Chicago, Ill. - April 8, 2010– As spring begins and the temperatures are on the rise the Better Business Bureau advises that potential customers of dating services should read contracts and fully understand the scope and limitations of the agreement prior to signing and paying for services. Many consumers who are looking for companionship have found a headache rather than a mate when they don’t read the paperwork prior to signing.
The BBB shows complaints in northern Illinois in this 12-month period have more than doubled to 137 from 66 for the previous 12-month period with matchmaking services. This is a 107 percent increase.
“With matchmaking contracts, it’s important to know exactly what you’re getting into and what the service offers,” said Steve J. Bernas, president & CEO of the Better Business Bureau serving Chicago and Northern Illinois. “As with any business transaction, be sure to read all agreements, guarantees, and instructions before signing and be wary of vaguely worded provisions, exclusions or limitations which could pose a problem later.”
Nancy Van De Veire, from McHenry, Ill. said, “I paid $1695.00 for the 18 months and did not realize that it is an extra $20/month to be able to go online and see potential matches after the first 6 months. I am 70 years old and there were very few men in the age range I was looking for (65-75 years old) and many of them want to go out with women 15 years younger. I joined in June of 2009 and have only met three people.”
Common complaints for matchmaking services reveal:
Dissatisfaction with the number of arranged dates.
Matchmaking services often say they have a database of thousands of singles in the area and promise a minimum number of dates; however, complaints show they often failed to deliver on promised dates. For example, one complainant reported to only have received three referrals over a 12 month period, significantly less than what was promised.
Available singles not up to par. Often consumers said they were matched with singles that did not meet their specified criteria—common complaints include that the singles they were set up with were smokers or lived too far away.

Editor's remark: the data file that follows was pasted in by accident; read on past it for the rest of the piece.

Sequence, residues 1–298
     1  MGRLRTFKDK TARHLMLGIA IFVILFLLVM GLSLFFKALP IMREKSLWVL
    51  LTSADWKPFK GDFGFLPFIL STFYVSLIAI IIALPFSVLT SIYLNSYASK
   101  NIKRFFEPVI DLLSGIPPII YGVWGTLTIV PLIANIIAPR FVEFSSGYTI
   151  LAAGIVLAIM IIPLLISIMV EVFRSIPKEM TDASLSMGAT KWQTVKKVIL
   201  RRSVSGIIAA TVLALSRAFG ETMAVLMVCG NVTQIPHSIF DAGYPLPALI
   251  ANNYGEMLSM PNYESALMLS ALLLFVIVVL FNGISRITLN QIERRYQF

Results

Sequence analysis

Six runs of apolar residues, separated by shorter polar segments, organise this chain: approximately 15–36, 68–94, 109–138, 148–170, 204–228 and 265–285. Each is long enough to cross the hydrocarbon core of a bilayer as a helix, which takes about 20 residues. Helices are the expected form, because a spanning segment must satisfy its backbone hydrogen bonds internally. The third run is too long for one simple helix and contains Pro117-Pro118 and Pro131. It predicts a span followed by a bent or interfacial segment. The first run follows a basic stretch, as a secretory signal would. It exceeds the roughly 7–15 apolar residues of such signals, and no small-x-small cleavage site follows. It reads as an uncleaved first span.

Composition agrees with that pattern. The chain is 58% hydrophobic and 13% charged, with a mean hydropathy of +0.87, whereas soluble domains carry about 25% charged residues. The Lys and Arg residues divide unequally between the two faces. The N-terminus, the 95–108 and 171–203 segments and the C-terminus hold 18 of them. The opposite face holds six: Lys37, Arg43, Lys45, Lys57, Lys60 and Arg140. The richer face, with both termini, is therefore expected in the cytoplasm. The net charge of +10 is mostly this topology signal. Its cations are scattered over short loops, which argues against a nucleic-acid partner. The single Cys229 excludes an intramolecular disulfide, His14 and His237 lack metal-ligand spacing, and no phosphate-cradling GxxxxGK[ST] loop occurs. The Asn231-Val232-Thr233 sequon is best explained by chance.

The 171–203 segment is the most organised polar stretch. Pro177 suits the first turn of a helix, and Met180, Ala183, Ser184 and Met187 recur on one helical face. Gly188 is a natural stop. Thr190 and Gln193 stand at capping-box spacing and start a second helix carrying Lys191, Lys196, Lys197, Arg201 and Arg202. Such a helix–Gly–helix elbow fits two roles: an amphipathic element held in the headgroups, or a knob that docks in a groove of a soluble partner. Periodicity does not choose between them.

Poor or rude customer service and high pressure sales tactics. Some complainants reported being pressured by sales associates into signing up for matchmaking services. Complainants reported being yelled at, others were told to not be so picky, and many said they were simply completely ignored.
The dating services industry is basically divided into two categories: personalized matchmaking companies and online dating Web sites. The two services take a different approach to helping people find compatibility and as a result, the types of complaints to the BBB are divergent.
The BBB offers the following advice on matchmaking services:
- Do your homework. Checkout the company with the BBB (www.bbb.org) to make sure it has a history of satisfying customers and resolving complaints.
- Don’t give in to high-pressure sales tactics. Sales associates may tell people that a low price is only good for that day and ask them to sign a contract immediately. People should take the contract home, read it carefully and make sure they understand what they are signing up and paying for.
- Know how to break up. Consumers should not assume that they will stop being billed once the contract runs out. Some dating services automatically renew memberships and there are steps that must be taken, such as calling the company, to keep from being billed again.
- For more trustworthy information on matchmaking and online dating services, consumers can access BBB Reliability Reports free-of-charge at www.bbb.org
As a private, non-profit organization, the purpose of the Better Business Bureau is to promote an ethical marketplace. BBBs help resolve buyer/seller complaints by means of conciliation, mediation and arbitration. BBBs also review advertising claims, online business practices and charitable organizations. BBBs develop and issue reports on businesses and nonprofit organizations and encourage people to check out a company or charity before making a purchase or donation.